A play review, by Travis Peck
Insightful, a word not traditionally uttered in the same sentence with teenagers. We praise small children for being so honest, often to the point of hilarity. As those same children become self aware and begin forming their own personalities and opinions we begin writing them off as angry, disrespectful, unmanageable or just disconnected.
Last night my wife and I attended the play ‘His Nineteenth Year’ at the Robson PAC’s black box theater. After encouragement from a friend who had seen it the night before, we walked in purchased two of the less than 100 available tickets and found our way into the theater. A sell out crowd (extra chairs were brought in to make space) set unprepared for the art that would unfold before us.
The play was written produced and directed by Maddie Lyons and Alyssa Brown, both students at Claremore High School. They have been acting in school and community productions most of their young lives and only six short months ago decided it was time to create one of their own.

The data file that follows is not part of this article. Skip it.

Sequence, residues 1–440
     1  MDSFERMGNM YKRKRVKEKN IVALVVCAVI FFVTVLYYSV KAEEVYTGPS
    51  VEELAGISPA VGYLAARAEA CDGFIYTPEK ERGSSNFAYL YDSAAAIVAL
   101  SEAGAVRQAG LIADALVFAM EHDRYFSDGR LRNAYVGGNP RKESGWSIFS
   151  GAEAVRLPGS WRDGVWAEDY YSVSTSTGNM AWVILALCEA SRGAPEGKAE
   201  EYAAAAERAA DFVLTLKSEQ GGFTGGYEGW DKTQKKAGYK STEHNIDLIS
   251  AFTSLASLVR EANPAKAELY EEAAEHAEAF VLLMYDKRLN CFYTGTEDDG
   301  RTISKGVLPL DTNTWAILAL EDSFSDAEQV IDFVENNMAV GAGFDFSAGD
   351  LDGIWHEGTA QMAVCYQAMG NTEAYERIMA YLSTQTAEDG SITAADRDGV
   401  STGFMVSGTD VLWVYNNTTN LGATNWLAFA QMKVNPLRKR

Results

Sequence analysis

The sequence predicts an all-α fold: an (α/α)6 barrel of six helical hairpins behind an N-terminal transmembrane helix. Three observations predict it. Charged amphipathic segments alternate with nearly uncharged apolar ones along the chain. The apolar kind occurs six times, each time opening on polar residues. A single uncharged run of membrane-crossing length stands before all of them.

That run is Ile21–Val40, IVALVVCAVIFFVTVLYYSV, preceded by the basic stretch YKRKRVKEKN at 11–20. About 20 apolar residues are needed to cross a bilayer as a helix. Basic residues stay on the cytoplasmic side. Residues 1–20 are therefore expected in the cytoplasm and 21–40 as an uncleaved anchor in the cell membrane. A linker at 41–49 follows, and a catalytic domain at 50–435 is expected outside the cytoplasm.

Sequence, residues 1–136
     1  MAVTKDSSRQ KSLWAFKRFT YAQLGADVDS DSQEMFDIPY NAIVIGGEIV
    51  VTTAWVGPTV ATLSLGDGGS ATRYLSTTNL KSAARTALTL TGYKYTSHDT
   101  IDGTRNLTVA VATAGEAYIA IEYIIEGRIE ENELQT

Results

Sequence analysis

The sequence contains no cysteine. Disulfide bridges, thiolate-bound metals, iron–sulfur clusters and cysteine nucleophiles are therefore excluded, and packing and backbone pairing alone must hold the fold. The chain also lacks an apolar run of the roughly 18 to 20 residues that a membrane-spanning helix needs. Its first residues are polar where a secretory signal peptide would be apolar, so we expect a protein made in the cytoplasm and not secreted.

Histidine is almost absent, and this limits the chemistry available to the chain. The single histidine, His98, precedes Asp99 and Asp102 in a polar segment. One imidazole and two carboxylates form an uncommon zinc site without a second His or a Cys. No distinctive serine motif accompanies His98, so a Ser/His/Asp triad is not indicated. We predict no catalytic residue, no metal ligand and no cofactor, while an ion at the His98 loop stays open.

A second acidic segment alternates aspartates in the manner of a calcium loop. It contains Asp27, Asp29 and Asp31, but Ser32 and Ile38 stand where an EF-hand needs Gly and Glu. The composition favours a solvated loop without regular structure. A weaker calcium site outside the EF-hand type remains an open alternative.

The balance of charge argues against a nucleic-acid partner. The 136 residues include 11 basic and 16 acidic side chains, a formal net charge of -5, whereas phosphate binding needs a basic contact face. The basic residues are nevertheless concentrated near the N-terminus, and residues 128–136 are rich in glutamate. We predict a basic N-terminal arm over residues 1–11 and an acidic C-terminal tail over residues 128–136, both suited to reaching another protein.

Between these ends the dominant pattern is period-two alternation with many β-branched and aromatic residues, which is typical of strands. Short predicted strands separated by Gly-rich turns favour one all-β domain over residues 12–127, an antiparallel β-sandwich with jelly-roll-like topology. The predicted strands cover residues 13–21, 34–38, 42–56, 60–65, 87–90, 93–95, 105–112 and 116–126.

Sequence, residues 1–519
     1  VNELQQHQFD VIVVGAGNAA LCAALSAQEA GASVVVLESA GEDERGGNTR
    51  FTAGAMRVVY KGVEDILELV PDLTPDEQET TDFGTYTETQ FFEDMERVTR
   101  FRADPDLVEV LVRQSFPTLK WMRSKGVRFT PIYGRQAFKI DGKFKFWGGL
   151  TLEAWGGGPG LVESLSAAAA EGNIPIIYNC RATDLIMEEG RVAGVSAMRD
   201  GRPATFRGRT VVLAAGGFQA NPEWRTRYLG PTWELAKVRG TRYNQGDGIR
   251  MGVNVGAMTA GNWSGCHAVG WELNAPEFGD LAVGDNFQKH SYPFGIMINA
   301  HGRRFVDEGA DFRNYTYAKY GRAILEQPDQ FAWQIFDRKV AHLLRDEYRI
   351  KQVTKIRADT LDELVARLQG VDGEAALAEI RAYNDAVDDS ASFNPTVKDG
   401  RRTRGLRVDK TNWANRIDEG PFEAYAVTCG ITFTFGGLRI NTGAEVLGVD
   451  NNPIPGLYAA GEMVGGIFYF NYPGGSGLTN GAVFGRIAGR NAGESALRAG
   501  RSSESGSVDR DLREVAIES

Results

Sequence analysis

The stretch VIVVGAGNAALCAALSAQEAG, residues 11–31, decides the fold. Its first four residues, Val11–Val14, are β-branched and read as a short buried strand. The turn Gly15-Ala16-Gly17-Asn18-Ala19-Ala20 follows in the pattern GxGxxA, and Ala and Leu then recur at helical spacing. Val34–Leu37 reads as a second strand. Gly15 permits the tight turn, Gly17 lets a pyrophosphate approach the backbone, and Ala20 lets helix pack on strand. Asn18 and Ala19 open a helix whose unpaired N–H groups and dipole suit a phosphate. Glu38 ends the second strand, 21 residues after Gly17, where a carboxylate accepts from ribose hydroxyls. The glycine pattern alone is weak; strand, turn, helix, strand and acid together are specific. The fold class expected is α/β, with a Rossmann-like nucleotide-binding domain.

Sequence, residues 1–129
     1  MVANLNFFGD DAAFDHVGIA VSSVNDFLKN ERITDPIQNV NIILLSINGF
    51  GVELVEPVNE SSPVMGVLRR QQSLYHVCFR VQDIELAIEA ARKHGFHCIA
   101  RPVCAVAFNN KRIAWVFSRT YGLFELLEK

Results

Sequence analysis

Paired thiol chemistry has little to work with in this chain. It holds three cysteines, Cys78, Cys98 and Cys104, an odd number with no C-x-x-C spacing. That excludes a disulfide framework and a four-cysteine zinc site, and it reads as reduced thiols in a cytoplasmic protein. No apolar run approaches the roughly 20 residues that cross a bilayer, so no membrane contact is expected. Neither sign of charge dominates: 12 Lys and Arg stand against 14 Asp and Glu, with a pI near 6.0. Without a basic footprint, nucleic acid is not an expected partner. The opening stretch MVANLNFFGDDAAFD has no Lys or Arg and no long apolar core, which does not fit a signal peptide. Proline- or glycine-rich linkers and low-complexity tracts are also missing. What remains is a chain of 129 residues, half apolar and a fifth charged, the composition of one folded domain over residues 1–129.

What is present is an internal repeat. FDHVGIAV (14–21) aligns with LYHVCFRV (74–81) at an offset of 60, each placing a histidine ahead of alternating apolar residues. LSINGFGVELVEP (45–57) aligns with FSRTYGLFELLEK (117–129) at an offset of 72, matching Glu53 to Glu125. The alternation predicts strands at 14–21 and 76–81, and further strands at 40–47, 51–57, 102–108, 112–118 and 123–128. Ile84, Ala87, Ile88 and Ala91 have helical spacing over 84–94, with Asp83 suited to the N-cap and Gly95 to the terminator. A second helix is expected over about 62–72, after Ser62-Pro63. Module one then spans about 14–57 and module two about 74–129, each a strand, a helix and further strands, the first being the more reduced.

Pulling from their limited life experience, the two young women had a vision, and with the help of their friends and family found not only a story, but a true insight of American society.
The play takes place in Alabama. We enter the home of the Murray family and find ourselves engrossed with the drama surrounding the death of their young son Hayes. A broken home, a death, an engagement, and a pregnancy hardly seem like comedic topics, but as with real life sometimes we must find the laughs to combat the tears. Bickering over who is to blame and the disconnect of parents and children propel this one act play from smiles to tears and back again.
As stated by the creators, “We wrote His Nineteenth Year with the hope that each member of our audience will be able to forge a connection with at least one character.”
I can’t express the true level of talent that these young performers produced. Perfect casting and a concise and pointed script made this one of my favorite theater experiences to date. Their acting ability, timing and delivery were on level with the best of the best. Laughing out loud and shedding tears both have a therapeutic effect. This hour long session provided both. A diverse audience from teens to grandparents found themselves looking inward and assessing their own life choices and those upcoming.